The forward section of the small passenger boat floats idly away from the dock, its engine off while the captain waits for passengers to return from the big game. After more than half an hour, a handful of customers arrive at the docks near Calhoun’s On the River. They had purchased their round-trip tickets from Capt. John Farmer before kickoff and now, with the University of Tennessee-South Carolina game over, they are going back home for the night.
Farmer’s water ferry, the Trace 1, makes this journey several times a day on football game days. Last year, when Farmer was still operating his boat as a water taxi, he would be on call to pick up passengers from their docks to take them from one end of the city to the other—much like any regular taxi on land. But now he abides by a set schedule to qualify as a ferry instead, only traveling between City View, the South Knoxville bridge, and Rivertowne docks.
Last year, Farmer ran into some difficulties when city authorities learned he did not have a “vehicle for hire” license, despite running NavCal Marine Services, LLC, since 2008. Upset over the rules required for such a license, Farmer changed his boat to a ferry rather than a taxi.
But he’s found the ferry business not as profitable as the water-taxi business, so Farmer says it is easier for him to close his operation rather than be licensed by the city of Knoxville. His last day is Nov. 28, the UT-Vanderbilt game.
The regulations concerning water taxis are unclear as the “vehicles for hire” ordinance focuses on cars rather than boats, and the city does not specify which rules—such as those for seat belts and odometers—will or will not apply to vessels such as his, Farmer says. While the ordinance has a catch-all provision requiring vehicles for hire to comply with all relevant rules, Farmer says as the regulation was not written with water service in mind, he should not have to obtain a license or be inspected by the city. He first learned about the discrepencies last year when he had a miscommunication with some police officers over a docking issue. They asked for his taxi license, and of course he didn’t have one—so he was told to go by the police station to settle things.
“I went up to the police station and I said, ‘I don’t see that we should fall under this, everything there relates to streets. Absolutely nothing relates to the waterway,’” Farmer says. “I can see the need for taxi regulations, because they’re not regulated in other ways. But since we’re so heavily regulated by the Coast Guard, I really don’t see a need for water taxi regulations.”
While the ordinance was mainly written for cars, all vehicles for hire in the city must still obtain a license, show proof of insurance, and be inspected by the city, says city of Knoxville attorney Crista Cuccaro. But she adds that the ordinance’s requirements are not considered one-size-fits-all.
“If there’s something that is very clearly applicable to an automobile, we’re not going to try and fit a square peg into a round hole as far as making it all still apply to a boat,” Cuccaro says.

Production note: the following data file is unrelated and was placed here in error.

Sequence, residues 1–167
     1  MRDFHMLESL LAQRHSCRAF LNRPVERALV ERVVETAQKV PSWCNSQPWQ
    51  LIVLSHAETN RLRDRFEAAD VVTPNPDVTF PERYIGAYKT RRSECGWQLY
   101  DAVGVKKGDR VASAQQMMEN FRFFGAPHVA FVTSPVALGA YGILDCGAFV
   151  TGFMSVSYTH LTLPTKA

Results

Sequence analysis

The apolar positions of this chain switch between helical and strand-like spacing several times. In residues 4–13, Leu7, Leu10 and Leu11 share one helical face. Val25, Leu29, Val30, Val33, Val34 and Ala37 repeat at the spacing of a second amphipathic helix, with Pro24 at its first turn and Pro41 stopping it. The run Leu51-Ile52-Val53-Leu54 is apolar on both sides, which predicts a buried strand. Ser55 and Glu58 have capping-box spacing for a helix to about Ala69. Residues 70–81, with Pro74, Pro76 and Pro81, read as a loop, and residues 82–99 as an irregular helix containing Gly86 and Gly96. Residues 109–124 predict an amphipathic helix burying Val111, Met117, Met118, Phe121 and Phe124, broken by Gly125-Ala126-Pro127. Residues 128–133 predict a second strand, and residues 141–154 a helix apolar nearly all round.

City of Knoxville spokesman Eric Vreeland says the city welcomes new businesses and even has a designated official to guide them through local ordinances.
“I don’t think in general that we want to be a barrier to any business operating here,” he says.
Nevertheless, Farmer and his wife and business partner, Jeanette, have chosen to close the business rather than work with the city—and it was not an easy decision, they say. Jeanette Farmer says it helped their marriage and brought them closer together through their love for the water.
“My husband was a workaholic in his younger days,” she says, “And I’ve got a chance to be with him and work with him and enjoy his interests.”
Their boat has been chartered for days-long trips to Chattanooga and throughout the Tennessee River system, giving customers a unique way to experience the state. Even when navigating bad weather or avoiding dangerous boaters, Farmer says his priority is always for the customer to leave blissful.
“There’s a large feeling of accomplishment when you come to the end of a cruise and everybody’s happy,” Farmer says, “And they don’t have any idea what you may have had to go through to make it a successful cruise.”
The Farmers’ unique business covers a lot of territory on the river, from distributing funeral ashes to organizing history cruises and hosting dances for college groups. John Farmer even sees wedding proposals, and as an ordained minister, has offered to perform the services immediately.
But since the boat became a ferry, their average ridership on game days dropped from 150 passengers to 20-25. With the decrease, Farmer says he cannot afford to keep his business open.
Although NavCal is ending, that doesn’t mean the Farmers are leaving the water anytime soon. They are building a towboat and half-barge, with the goal of taking customers throughout the region. He is still deciding if the boats will take either tourists or cargo, but he will be traveling throughout the Mississippi and Tennessee river systems.
While the South Knoxville Waterfront Development Plan calls for water taxis, it is unclear if any company will replace NavCal and take regular passengers across the river.
However, that leaves NavCal customers like Christopher Cook, a resident at City View at Riverwalk, to fight through congested street traffic just to eat after a football game.
“Imagine taking a hundred rats and telling them to run to get a piece of cheese,” Cook says. “There’s not much room for anybody to go, and [Henley Street bridge] is only so wide. Put some people on this [boat].”
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